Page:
By Clint Thompson
Pecan harvest season is upon us here in the Southeast. While projections are that this year’s crop will be substantially less than last year’s, growers are optimistic, especially with the potential for increased prices, said Lenny Wells, University of Georgia Extension pecan specialist.
“Those that have a crop, which is mostly growers with young trees, and we’ve got a lot of younger trees out there, growers that have a pretty good crop are fairly optimistic,” Wells said. “It’s looking like we may see little better prices this year. All the nuts that were in cold storage after last year’s huge crop, most all of that is gone. The shellers are in need of the nuts when we start harvesting, which is a good position to be in. There’s a little more optimism right now than there has been the last several years really.”
Increased Interest from China?
The renewed optimism stems largely from increased interest from China in purchasing U.S. pecans. That should drive the market up after last year’s disastrous prices.
“It’s expected this year that they will buy some. I think last year, from what I’m told, with the new tariff situation, and the Chinese government came out with a program for buyers over there to enroll in that program and be able to bring in nuts at a little bit lower tariff than the 48% or whatever it was. Last year that was in place, but the buyers were a little wary of it. Since they had some experience with it last year, there’s a lot more confidence in that program,” Wells said. “I think the buyers there will be much more willing to buy.”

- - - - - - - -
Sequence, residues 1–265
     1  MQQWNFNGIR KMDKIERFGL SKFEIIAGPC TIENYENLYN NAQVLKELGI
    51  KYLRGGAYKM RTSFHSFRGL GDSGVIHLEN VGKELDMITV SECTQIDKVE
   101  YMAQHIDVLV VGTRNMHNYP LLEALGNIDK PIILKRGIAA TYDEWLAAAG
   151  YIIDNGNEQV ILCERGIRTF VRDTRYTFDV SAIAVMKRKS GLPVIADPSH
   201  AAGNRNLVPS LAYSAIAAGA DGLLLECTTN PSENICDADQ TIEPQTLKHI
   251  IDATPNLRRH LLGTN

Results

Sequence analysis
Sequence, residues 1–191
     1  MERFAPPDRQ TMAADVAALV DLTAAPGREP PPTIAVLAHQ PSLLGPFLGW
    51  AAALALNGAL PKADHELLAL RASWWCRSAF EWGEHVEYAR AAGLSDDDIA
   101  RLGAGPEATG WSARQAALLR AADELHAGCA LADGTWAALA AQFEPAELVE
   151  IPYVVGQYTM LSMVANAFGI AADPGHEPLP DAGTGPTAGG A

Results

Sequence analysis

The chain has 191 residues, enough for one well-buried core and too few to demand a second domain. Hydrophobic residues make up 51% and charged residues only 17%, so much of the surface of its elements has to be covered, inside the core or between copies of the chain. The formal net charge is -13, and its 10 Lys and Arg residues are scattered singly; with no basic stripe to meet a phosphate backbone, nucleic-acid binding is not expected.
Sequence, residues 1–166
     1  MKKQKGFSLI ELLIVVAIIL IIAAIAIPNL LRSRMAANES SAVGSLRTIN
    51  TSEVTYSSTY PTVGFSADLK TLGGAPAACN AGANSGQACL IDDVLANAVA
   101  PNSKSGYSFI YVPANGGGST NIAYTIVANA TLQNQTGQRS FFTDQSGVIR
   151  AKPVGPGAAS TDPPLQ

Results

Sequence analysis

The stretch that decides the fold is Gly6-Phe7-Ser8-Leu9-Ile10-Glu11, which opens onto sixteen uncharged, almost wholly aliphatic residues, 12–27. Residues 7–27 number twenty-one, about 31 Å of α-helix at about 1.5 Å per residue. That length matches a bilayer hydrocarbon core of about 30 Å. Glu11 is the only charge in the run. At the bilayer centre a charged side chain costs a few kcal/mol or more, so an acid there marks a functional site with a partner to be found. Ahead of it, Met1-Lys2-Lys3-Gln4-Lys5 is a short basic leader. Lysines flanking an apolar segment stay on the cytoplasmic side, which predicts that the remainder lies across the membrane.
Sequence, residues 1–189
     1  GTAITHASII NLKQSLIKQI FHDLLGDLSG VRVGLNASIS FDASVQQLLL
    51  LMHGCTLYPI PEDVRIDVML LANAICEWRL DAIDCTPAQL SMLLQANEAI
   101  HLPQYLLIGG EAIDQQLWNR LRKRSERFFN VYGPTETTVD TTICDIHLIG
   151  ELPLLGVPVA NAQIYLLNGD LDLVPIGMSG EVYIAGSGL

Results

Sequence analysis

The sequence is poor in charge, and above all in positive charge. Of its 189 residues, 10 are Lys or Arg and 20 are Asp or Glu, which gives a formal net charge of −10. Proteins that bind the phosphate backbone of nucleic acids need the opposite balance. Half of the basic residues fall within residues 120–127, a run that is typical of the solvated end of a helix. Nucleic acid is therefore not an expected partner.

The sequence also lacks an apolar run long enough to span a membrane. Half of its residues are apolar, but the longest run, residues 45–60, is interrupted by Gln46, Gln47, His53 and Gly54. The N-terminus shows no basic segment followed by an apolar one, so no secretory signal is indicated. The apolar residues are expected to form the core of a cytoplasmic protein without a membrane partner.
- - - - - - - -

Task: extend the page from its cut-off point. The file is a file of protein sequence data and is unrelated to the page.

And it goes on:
Georgia had its best production season last year since Hurricane Michael in 2018 with an estimated 142 million pounds. However, projections are around 70 million pounds this year. Alabama was on track to have a good production season but its crop was wiped out due to Hurricane Sally in September and Hurricane Zeta in October.
September is normally reserved for the earliest pecan varieties to be harvested.